Excavations at Boomplaas cave ‐ a sequence through the upper Pleistocene and Holocene in South Africa
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Boomplaas Cave in the Cango Valley of South Africa preserves a well stratified sequence of Upper Pleistocene and Holocene deposits including a series of discrete human occupation horizons. The excavation has been designed to provide information on the cultural sequence and the function of the cave in the settlement pattern. At different times in the past the cave has served as a stock pen for small stock, as a place for the storage of oil rich fruits and as a hunting camp. In addition, research in the cave has been coupled to a palaeoecological study of changes in vegetation and fauna in the local biome during the late Quaternary. Data have been collected from macroscopic plant remains including charcoals, pollens, micromammals and larger mammal remains and a vegetation survey of the valley has been made to serve as a baseline against which observations on past habitats can be compared. Preliminary analysis of the artefacts in the Upper Pleistocene sequence suggest that the boundary between the Middle and Later Stone Age traditions is placed here between 30,000 and 40,000 years b.p. and that while the Middle Stone Age populations may have been anatomically modern, their behaviour patterns do not show comparable continuity with the ethnographic present.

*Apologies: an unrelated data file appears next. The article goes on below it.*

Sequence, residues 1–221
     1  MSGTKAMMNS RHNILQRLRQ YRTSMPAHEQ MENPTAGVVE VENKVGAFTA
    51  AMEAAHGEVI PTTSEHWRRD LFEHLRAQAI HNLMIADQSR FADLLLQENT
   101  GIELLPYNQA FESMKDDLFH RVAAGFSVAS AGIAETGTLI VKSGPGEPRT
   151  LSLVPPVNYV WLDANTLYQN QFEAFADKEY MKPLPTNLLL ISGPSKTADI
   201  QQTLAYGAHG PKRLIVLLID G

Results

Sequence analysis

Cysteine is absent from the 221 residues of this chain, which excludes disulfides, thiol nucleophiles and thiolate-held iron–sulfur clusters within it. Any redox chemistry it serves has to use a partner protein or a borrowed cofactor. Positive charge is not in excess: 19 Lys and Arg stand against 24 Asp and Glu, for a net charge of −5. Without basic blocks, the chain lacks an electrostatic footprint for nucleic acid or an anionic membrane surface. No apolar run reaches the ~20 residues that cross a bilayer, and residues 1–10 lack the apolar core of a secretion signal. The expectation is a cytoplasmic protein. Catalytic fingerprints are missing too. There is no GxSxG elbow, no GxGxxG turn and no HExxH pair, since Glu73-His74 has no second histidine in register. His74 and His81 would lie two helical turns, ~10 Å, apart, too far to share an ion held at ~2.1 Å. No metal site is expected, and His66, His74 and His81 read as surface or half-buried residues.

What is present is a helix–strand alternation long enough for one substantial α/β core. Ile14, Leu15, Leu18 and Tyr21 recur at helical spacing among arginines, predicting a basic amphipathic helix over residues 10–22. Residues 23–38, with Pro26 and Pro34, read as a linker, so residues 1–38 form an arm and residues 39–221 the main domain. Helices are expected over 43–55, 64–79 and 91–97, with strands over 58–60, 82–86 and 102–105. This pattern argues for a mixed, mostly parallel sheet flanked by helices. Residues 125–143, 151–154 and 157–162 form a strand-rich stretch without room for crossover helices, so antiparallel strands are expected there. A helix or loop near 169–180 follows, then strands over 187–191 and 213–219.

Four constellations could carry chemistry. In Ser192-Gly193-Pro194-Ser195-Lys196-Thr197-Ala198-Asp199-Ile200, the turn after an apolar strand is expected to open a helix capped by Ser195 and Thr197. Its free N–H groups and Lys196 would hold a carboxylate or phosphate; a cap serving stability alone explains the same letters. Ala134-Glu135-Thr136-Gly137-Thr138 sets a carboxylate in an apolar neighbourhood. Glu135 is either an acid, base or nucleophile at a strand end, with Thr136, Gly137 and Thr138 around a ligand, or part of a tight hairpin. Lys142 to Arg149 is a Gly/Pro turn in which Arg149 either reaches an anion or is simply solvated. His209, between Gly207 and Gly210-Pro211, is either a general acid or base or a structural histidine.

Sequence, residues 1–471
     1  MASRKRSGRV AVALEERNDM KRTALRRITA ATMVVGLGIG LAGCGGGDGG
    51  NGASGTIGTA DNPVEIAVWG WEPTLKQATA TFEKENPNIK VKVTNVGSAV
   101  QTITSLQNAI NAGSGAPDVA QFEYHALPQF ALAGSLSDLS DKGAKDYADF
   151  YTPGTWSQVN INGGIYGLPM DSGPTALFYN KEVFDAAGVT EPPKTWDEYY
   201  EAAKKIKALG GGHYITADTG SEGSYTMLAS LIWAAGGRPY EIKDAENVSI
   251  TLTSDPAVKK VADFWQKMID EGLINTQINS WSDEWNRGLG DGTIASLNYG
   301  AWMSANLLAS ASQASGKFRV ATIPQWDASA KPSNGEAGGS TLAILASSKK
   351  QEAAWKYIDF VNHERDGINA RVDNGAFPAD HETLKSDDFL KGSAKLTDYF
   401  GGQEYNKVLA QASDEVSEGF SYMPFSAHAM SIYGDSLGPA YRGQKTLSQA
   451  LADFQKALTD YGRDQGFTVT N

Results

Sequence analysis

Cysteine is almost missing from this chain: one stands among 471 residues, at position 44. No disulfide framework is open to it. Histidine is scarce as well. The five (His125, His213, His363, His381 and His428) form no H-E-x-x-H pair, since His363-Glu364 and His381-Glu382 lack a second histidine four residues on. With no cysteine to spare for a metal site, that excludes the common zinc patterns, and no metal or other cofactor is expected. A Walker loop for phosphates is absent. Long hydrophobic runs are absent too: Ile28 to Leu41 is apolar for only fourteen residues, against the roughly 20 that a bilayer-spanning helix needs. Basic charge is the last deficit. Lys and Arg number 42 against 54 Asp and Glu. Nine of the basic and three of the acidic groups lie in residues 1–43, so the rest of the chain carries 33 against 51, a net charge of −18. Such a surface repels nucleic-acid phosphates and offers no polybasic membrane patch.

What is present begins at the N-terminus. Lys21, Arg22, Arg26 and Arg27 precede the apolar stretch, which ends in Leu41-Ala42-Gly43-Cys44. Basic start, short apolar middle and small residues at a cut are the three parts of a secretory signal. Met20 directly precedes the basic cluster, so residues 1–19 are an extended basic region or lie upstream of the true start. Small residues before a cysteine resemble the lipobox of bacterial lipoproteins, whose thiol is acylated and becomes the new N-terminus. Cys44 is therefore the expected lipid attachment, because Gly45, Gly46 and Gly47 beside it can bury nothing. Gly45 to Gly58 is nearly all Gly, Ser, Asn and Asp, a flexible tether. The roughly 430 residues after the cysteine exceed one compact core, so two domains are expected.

Digital Object Identifier (DOI)
Deacon, H. J., "Excavations at Boomplaas cave ‐ a sequence through the upper Pleistocene and Holocene in South Africa" (1979). KIP Articles. 6093.